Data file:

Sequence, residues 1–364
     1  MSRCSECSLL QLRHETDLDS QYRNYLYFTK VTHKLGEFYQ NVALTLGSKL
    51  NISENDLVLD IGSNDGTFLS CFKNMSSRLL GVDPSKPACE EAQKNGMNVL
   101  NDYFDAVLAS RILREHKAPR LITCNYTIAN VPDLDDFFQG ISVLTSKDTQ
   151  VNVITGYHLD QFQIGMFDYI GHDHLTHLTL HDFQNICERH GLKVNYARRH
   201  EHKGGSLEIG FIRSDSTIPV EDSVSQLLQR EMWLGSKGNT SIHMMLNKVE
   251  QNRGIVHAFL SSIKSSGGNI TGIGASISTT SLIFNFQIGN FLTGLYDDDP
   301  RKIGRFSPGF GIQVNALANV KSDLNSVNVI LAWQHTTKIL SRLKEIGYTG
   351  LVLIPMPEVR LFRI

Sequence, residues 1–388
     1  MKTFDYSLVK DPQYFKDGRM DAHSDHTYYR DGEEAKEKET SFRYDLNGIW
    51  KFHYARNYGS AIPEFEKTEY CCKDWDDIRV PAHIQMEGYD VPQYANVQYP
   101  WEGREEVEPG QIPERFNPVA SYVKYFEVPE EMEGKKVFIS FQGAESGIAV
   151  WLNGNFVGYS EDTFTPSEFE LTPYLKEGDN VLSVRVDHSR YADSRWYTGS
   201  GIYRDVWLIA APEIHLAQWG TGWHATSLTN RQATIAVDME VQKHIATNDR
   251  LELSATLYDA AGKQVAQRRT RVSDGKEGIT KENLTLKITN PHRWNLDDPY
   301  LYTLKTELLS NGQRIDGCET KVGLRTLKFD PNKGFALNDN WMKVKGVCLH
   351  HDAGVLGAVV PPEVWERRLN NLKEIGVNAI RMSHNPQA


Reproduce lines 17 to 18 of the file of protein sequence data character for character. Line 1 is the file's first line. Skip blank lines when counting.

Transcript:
   301  LYTLKTELLS NGQRIDGCET KVGLRTLKFD PNKGFALNDN WMKVKGVCLH
   351  HDAGVLGAVV PPEVWERRLN NLKEIGVNAI RMSHNPQA